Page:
Start: Lay-by on the  Cadole to the Pantymwyn road. Grid ref: SJ205627. Approaching Loggerheads on the A549, Mold to Ruthin Road and after passing the former Rainbow Inn (now a building site), take the next road on the right just before the newsagent. The lay-by is almost immediately on the right by the telephone kiosk.
This walk is taken from Dave Berry's Book " More Walks in the Clwydian Hills" He describes it as an excellent walk exploring beautiful valleys and foothills. We usually start at Loggerheads, but as it is £5 to park for more than 4 hours we will start up the road in Cadole.
Saturday 22nd June 2019.
Wylfa, Cemlyn Bay and More.
Distance: 9 miles.
Climb:750'.
Start: Mynydd Wylfa LNR Car park. Grid ref: SH356937.
This walk combines one walk from each of the books by Carl Rogers on walks on the Anglesey coast. This walk explores the coast to the West of the power station. It will also allow us to explore he area around "the lagoon" nature reserve. If time allows it will also allow us to explore again the Mynydd Wylfa LNR. Don't forget to bring binoculars with you.
Wednesday 26th June 2019
Garth Wood, Felin Blwm Wood and Maen Achwyfan.
Distance: 9-10 miles; Climb: 1264'.
Start: Whitford village. Roadside parking opposite the church. Grid ref: SJ147782.
Leave Chester 8-30 a.m. 
This walk combines two walks taken from Dave Berry's book "Walks Around Holywell and Halkyn Mountain". It is quite some time since I have done the first walk. Unfortunately it is only 4.5 miles and the only other walk that links in well with it is Maen Achwyfan, a walk that we have done many times before.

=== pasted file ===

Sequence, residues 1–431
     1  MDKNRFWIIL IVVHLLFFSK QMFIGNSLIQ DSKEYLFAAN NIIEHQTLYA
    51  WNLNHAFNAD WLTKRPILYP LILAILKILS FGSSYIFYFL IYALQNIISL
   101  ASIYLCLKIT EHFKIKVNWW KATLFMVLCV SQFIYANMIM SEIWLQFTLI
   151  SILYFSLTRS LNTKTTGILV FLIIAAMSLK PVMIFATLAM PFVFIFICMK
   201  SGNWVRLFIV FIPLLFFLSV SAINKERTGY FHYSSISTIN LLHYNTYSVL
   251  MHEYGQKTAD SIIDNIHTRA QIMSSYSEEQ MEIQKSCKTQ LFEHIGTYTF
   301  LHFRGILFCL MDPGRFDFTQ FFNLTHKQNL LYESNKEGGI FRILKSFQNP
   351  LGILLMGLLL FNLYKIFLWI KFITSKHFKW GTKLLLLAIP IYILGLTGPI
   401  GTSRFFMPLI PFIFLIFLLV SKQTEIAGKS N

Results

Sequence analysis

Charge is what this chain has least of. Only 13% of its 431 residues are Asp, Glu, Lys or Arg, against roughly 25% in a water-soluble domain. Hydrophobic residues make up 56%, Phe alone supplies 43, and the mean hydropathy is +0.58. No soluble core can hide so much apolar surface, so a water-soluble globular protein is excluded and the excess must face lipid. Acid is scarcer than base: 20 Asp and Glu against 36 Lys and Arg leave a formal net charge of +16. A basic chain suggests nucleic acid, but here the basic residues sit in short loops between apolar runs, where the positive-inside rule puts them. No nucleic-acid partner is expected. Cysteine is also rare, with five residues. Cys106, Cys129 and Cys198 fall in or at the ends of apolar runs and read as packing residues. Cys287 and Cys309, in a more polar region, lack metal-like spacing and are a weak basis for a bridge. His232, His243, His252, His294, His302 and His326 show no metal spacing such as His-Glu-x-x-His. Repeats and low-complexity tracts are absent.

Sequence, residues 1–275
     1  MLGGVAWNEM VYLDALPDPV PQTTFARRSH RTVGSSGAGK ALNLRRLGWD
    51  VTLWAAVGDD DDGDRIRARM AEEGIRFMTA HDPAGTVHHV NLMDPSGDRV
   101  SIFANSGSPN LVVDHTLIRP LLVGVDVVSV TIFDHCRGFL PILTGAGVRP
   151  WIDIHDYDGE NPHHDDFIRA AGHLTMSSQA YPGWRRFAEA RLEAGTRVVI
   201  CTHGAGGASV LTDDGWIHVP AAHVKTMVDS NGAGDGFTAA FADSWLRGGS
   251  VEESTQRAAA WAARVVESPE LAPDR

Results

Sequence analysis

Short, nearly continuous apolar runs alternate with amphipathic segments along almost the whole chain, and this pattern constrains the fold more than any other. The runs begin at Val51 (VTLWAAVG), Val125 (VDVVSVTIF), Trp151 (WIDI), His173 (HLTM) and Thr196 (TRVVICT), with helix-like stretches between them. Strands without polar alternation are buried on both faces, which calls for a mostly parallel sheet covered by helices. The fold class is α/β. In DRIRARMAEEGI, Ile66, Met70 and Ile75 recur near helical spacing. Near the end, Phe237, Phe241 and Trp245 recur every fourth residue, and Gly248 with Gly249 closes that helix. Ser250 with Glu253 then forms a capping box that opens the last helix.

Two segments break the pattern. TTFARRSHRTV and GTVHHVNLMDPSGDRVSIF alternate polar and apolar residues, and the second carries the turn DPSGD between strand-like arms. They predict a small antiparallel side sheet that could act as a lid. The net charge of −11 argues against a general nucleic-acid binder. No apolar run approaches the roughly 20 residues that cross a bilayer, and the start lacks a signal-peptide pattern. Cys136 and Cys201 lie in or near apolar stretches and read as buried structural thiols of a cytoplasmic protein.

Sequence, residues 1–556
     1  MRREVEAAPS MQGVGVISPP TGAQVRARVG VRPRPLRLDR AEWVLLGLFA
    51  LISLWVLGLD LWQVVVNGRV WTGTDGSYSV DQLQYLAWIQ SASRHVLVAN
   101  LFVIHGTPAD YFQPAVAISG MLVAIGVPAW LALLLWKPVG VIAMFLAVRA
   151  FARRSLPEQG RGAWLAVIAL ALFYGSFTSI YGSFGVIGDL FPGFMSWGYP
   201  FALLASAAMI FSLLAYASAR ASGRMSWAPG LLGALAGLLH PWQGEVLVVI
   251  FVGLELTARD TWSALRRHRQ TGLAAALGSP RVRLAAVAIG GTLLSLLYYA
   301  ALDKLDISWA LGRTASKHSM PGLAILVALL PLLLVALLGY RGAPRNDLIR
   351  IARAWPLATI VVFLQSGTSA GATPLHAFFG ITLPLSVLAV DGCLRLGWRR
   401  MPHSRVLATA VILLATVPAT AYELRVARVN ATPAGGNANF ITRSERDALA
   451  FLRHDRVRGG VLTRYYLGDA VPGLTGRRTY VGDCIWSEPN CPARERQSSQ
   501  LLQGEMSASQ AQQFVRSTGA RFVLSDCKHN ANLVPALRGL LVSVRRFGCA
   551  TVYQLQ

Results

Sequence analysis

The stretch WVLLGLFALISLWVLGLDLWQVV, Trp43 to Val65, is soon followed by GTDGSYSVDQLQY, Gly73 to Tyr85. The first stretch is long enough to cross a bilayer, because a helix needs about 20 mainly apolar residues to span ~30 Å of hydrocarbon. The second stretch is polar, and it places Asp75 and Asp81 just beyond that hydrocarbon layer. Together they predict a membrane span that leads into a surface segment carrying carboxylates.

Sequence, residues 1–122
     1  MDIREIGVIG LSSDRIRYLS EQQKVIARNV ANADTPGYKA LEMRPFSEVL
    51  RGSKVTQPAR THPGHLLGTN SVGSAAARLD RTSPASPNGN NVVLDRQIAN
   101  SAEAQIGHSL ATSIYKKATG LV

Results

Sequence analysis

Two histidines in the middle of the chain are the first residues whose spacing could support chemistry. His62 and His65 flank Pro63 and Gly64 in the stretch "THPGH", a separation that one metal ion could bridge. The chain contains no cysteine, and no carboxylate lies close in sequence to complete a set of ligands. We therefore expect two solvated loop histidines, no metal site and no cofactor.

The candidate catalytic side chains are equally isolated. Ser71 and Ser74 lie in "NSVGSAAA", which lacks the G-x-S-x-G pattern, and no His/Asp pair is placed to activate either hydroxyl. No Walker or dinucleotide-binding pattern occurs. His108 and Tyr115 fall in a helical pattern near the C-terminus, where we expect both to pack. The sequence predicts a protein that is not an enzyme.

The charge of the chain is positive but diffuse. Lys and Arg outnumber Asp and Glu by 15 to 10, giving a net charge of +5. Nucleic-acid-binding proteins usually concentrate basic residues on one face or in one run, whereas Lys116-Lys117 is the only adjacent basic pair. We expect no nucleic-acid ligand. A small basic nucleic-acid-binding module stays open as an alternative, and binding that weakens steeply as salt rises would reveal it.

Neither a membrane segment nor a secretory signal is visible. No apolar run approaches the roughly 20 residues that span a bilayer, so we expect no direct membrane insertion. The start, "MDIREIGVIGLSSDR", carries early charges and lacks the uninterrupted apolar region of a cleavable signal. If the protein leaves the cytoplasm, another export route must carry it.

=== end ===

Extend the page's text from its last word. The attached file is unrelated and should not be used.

Saturday 29th June 2019.
Shining Tor and the Goyt Valley.
10 miles. Climb: 2000'.
Start: St. Mary's Church Car park, Taxal. Grid ref: SK006797. This is a car park with an honesty box donation, that can be used by walkers, providing there isn't a function like a wedding taking place.
If we are unable to park a the church, we will use a layby on the A5004, South of Horwich End. Grid ref: SK008798.
Leave Chester 08-30 am.
This is walk that we haven't done for quite some time, March 2007.
The walk is taken from Mark Richard's book " High Peak Walks". This is a varied vwalk, including  a ridge walk along Windgather Rocks and the climb to the summit of Shining Tor. The return route descends to the Goyt Valley past Errwood and Fernilee Reservoirs.